CAST Czech And Slovak Things

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Copyright © 2000-2011 Richard Gaskell
E-mail: czechandslovakthings@yahoo.co.uk

WORLD WAR 2
GUIDE

Why am I interested in Czechoslovaks during World War 2? Until a few years ago I knew absolutely nothing about what happened to Czechoslovakia during the Second World War. I didn't know that there was a Czechoslovak Government in Exile based here in London, I didn't know that there were thousands of Czechoslovak civilian refugees that had reached Britain before the outbreak of war, and I didn't know that there were Czechoslovaks fighting with the British (the Czechoslovak squadrons in the RAF, the Czechoslovak Brigade, and many individuals serving in ordinary British units).

If you really want to know why I started looking at this subject, read the Curiosity about an old 'Czech' book article. However, things have rather snowballed from my original limited investigations and I have been overwhelmed by the amount of material that I have found. Part of the reason for this is that I was able to visit the Public Record Office regularly for about a year. Much of the information I include in the articles listed below comes from the original documents I've seen there. This is just a hobby for me. I have no experience in historical investigations, I'm not a detective, and I certainly don't know very much about web design, so please forgive me if my work is not up to professional standards! Any information, help or constructive advice will be gratefully received. Please contact me using the following E-mail address: czechandslovakthings@yahoo.co.uk

The items here provide only limited details about those areas of particular interest to me. Others have sites with much more information, and details of some of them can be found on the Sources page.

NAME LISTS OF CZECHOSLOVAKS
Links to lists of names of Czechoslovaks in Britain during WW2. Although most of the lists, and links to them, are available elsewhere on this site, they are gathered together here to provide easier searching for specific persons. Entries on the lists total just under 20,000.

BCRC AND CRTF - CIVILIAN REFUGEES
After the Munich Agreement and the German occupation of the 'Sudetenland', part of Czechoslovakia, refugees left for the unoccupied remnant and fled even further. The British Committee for Refugees from Czechoslovakia (BCRC) and the Czech Refugee Trust Fund (CRTF) had their origins in the voluntary movement which developed in Britain to help those in fear of their lives.

VÚA DATABASES AND MILITARY RECORDS
The "Vojenský ústřední archiv" (VÚA - Military Central Archive) in Prague has online access on their site to databases of Czechoslovak Military Personnel and holds original personnel documents relating to these individuals.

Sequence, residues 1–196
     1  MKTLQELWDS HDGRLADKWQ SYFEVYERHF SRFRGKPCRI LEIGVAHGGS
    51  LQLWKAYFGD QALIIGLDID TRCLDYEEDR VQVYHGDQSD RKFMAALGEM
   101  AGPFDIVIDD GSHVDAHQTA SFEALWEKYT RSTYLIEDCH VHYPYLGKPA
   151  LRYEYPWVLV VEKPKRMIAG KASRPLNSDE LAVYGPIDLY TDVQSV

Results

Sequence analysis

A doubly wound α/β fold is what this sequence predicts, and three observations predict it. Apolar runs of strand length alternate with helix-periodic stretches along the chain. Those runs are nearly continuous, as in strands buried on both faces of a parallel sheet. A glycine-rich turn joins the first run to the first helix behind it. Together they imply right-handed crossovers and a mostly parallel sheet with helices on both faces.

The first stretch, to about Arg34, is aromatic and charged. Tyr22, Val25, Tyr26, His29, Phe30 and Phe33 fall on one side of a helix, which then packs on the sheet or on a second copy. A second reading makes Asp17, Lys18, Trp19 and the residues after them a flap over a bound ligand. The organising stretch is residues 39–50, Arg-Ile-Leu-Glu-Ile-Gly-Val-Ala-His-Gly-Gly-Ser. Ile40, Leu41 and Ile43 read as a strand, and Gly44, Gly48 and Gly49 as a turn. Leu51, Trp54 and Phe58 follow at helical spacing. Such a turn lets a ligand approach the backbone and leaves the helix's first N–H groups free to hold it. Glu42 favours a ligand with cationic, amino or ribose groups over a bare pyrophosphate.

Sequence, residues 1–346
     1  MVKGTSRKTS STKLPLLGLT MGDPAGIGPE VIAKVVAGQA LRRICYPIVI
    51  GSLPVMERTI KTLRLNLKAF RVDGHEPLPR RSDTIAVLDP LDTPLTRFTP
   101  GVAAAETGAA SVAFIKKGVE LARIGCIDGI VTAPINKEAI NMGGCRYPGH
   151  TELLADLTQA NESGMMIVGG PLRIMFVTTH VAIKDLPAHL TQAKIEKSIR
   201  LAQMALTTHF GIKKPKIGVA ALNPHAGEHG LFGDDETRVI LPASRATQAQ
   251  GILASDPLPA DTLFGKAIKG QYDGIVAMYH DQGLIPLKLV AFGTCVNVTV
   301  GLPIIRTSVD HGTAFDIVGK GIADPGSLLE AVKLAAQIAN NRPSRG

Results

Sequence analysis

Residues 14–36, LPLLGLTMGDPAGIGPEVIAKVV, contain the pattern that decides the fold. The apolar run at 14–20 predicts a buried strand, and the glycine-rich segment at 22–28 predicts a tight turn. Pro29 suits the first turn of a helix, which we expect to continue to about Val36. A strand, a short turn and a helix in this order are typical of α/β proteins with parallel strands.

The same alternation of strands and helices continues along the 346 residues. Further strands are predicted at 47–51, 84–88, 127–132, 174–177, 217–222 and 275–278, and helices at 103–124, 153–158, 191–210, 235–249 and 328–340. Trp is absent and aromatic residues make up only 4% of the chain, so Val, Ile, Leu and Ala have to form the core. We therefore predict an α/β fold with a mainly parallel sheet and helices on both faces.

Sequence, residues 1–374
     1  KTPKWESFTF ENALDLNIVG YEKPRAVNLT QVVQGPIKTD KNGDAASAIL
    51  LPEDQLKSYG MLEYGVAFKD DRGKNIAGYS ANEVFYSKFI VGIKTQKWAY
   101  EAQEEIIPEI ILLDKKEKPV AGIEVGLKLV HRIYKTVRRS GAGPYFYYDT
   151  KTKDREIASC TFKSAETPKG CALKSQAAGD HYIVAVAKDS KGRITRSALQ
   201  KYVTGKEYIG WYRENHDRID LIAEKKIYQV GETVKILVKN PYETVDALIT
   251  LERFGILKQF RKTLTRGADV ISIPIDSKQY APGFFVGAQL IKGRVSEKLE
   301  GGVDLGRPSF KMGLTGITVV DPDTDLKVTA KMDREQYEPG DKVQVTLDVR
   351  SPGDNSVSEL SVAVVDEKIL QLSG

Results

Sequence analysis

WANTED: SPECIAL SEARCH LIST GB
After the fall of France in the summer of 1940 the Germans were poised to invade Britain. A handbook was prepared, ready for distribution to the 'occupying' forces, which included a list of people for immediate arrest. Many of these had Czechoslovak connections.

EVACUATION FROM FRANCE
With the collapse of the front, most of the Czechoslovak Division located east of Paris retreated southwards towards the Mediteranean coast and their HQ at Beziers and depot at Agde, others heading to Bay of Biscay ports. Only about a quarter chose to continue the fight and be evacuated to Britain.

'MUTINY' AT CHOLMONDELEY CASTLE
The Czechoslovak soldiers evacuated from France to Britain were sent to Cholmondeley, but more than 500 were unhappy with the military and political leadership recognised by the British and were unwilling to serve in Czechoslovak units.

CZECHOSLOVAKS IN THE PIONEER CORPS
Most of those unwilling to serve in Czechoslovak units were, after being interned for a short time, enlisted in the Pioneer Corps, part of the British Army.

THE CZECHOSLOVAK BRIGADE
The majority of the soldiers evacuated from France formed the new Czechoslovak Brigade, which spent the next 4 years in Britain employed on anti-invasion duties and training. In late summer of 1944 it was transferred to northern France and used to lay siege to the isolated German garrison in Dunkirk. It remained there until a few days after the end of hostilities in May 1945, then travelled across Germany to Czechoslovakia.

TOKEN FORCE or Kombinovaný oddíl
With American forces approaching the Czechoslovak border in the spring of 1945, the Czechoslovaks wanted the whole Brigade transferred from Dunkirk to take part in the fighting in Germany and then on to their homeland. The British and Americans did not permit this, but allowed a small unit to accompany American troops.

MEDAL TYPES
Images and details of common Czechoslovak and British medal types awarded to Czechoslovaks serving during WW2.

BADGES
There were a considerable number of commemorative badges manufactured relating to the Czechoslovak forces in France and Britain.

WAR GRAVES
Locations and details of just a few of the Czechoslovak sevicemen buried in Britain.

CZECHOSLOVAKS IN LONDON
Archive and literary sources have shown a large number of Czechoslovak related addresses in London.

CURIOSITY ABOUT AN OLD 'CZECH' BOOK
Several years ago I bought an old second-hand book with connections to Czechoslovaks in Britain during the Second World War.

SOURCES
Details of web sites, archives and a list of books I have on the subject.

 

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